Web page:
So ColdSpring will create and manage Singleton CFC instances without you having to do anything. OK, that's pretty cool. But what about the more serious problem of resolving dependencies in large object models? That is the real pain point that most developers run into.

ColdSpring's real power is its ability to manage dependencies between components. Let's look at the ColdSpring configuration file again, but with a small addition:

< beans default-autowire = "byName" >
< bean id = "userService" class = "myapp.components.UserService" />
< bean id = "userGateway" class = "myapp.components.UserGateway" />
< bean id = "configBean" class = "myapp.components.ConfigBean" />
</ beans >

You may notice the difference is the default-autowire XML attribute on the beans element. By setting this value to byName, something pretty amazing happens: ColdSpring will automatically try to resolve any dependencies between these CFCs.

How does it do this? It looks for setter methods in the components that match the names of other beans. For example, if the UserService CFC has a setUserGateway() method, ColdSpring will automatically call that setter and pass in the UserGateway CFC. Along the same lines, if the UserGateway CFC has a setConfigBean() method, the ConfigBean CFC will automatically be passed into the UserGateway by calling the setter.

For example, consider a UserService.cfc that looks like this:

<cfcomponent name= "User Service" hint= "I am an example User Service, which is how external things interact with my Model.">
<cffunction name= "init" access= "public" returntype= "any" hint= "Constructor.">
<cfreturn this />
<cffunction name= "getUserGateway" access= "public" returntype= "any" output= "false" hint= "I return the UserGateway.">
<cfreturn variables.instance[ 'userGateway' ] />
<cffunction name= "setUserGateway" access= "public" returntype= "void" output= "false" hint= "I set the UserGateway.">
<cfargument name= "userGateway" type= "any" required= "true" hint= "UserGateway" />
<cfset variables.instance[ 'userGateway' ] = arguments.userGateway />

When the ColdSpring bean factory is created, it will see the setUserGateway() method and automatically call it, passing in the UserGateway bean.

Now it may be more obvious why ColdSpring is called a "dependency injection" framework. You can see it injects dependent components into the necessary components automatically. Frameworks like Spring and ColdSpring are also referred to as inversion of control or IoC frameworks. Personally I don't like this name because it is rather unintuitive. To me, dependency injection (DI) describes the intent of the framework much more clearly, so I use the term DI.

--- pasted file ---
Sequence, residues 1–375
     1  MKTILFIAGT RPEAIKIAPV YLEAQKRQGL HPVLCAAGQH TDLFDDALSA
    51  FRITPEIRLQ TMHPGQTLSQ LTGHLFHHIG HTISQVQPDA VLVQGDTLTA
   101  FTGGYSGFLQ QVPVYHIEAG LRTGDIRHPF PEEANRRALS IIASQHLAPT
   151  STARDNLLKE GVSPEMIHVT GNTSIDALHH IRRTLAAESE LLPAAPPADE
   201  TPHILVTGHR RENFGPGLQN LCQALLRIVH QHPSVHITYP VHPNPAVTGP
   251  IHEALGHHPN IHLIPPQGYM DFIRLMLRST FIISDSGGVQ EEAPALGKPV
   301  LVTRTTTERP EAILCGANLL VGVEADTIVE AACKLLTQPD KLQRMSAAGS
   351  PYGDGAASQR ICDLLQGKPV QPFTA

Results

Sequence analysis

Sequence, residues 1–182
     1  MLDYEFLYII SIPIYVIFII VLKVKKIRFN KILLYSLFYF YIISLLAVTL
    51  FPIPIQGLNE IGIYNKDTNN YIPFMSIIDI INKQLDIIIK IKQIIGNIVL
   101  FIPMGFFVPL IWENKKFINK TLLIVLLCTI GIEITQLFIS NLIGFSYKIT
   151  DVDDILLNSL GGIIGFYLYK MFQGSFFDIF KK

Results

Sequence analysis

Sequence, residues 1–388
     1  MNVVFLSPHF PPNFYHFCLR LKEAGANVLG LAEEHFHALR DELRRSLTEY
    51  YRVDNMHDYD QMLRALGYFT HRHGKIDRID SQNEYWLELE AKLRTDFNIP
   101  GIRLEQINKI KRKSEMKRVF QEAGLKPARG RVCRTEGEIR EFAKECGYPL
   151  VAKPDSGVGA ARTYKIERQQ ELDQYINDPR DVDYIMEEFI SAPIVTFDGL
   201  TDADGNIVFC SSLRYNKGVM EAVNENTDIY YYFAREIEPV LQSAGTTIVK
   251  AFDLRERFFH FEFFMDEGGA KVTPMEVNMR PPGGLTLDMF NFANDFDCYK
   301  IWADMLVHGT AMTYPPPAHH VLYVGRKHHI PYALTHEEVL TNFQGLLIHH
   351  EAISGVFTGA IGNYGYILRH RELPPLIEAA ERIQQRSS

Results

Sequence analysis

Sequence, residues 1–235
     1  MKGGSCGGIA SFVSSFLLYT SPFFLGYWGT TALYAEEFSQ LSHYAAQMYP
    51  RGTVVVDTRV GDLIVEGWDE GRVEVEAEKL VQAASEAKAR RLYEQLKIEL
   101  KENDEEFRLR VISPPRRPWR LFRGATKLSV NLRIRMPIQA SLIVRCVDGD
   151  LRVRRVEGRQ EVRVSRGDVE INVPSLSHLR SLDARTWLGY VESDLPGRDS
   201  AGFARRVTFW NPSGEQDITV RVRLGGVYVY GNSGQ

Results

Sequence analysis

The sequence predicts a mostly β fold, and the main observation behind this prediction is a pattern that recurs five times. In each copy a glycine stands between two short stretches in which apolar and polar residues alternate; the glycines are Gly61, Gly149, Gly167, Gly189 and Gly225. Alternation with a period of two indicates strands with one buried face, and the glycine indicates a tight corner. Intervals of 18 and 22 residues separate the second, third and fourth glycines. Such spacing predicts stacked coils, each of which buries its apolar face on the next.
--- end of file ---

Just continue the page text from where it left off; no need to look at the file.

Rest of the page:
There are immediate advantages to letting ColdSpring manage the dependencies in your model. You no longer have to worry about what order CFCs are created in, or what CFCs have to be passed into other CFCs. It will also handle circular dependencies (where CFC A depends on CFC B, but CFC B depends on CFC A), which can be rather tricky to resolve.

More from ColdSpring: Aspect-Oriented Programming

In addition to managing dependencies, ColdSpring offers a very useful aspect-oriented programming (AOP) capability. AOP is an approach for handling cross-cutting concerns that apply across many different parts of an application. One example is logging – developers typically embed logging calls all over their application in order to log appropriate data.

AOP takes a different approach. Instead of littering logging calls all over your codebase, you can define it in just one place. This place is typically called an Advice, and it is a bit of code that ColdSpring can automatically apply to method calls across many different components. In other words, you can apply logging to whatever methods you wish from one central point, without having to modify your original code at all.

Here is a LoggingAdvice that simply takes the method name and the arguments and logs them into a request-scoped variable:

<cfcomponent extends= "coldspring.aop.MethodInterceptor" output= "false" displayname= "LoggingAdvice" hint= "I advise service layer methods and apply logging.">
<cffunction name= "init" returntype= "any" output= "false" access= "public" hint= "Constructor">
<cfreturn this />
<cffunction name= "invokeMethod" returntype= "any" access= "public" output= "false" hint= "">
<cfargument name= "methodInvocation" type= "coldspring.aop.MethodInvocation" required= "true" hint= "" />
<cfset var local = StructNew () />
<!--- Capture the arguments and method name being invoked. --->
<cfset local.logData = StructNew () />
<cfset local.logData.arguments = StructCopy (arguments.methodInvocation.getArguments()) />
<cfset local.logData.method = arguments.methodInvocation.getMethod().getMethodName() />
<cfset request.logData = local.logData />
<!--- Proceed with the method call to the underlying CFC. --->
<cfset local.result = arguments.methodInvocation.proceed() />
<!--- Return the result of the method call. --->